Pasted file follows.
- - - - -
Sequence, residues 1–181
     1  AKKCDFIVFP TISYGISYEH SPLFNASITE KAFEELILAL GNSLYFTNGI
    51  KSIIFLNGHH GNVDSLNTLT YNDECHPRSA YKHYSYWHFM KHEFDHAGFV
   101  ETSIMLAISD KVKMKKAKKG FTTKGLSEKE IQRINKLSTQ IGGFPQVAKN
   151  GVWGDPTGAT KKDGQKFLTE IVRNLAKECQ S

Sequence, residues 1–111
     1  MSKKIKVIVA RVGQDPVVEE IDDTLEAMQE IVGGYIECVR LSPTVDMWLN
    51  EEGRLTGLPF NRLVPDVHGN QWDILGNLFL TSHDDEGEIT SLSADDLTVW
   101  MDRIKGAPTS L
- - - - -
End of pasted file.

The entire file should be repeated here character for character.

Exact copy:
Sequence, residues 1–181
     1  AKKCDFIVFP TISYGISYEH SPLFNASITE KAFEELILAL GNSLYFTNGI
    51  KSIIFLNGHH GNVDSLNTLT YNDECHPRSA YKHYSYWHFM KHEFDHAGFV
   101  ETSIMLAISD KVKMKKAKKG FTTKGLSEKE IQRINKLSTQ IGGFPQVAKN
   151  GVWGDPTGAT KKDGQKFLTE IVRNLAKECQ S

Sequence, residues 1–111
     1  MSKKIKVIVA RVGQDPVVEE IDDTLEAMQE IVGGYIECVR LSPTVDMWLN
    51  EEGRLTGLPF NRLVPDVHGN QWDILGNLFL TSHDDEGEIT SLSADDLTVW
   101  MDRIKGAPTS L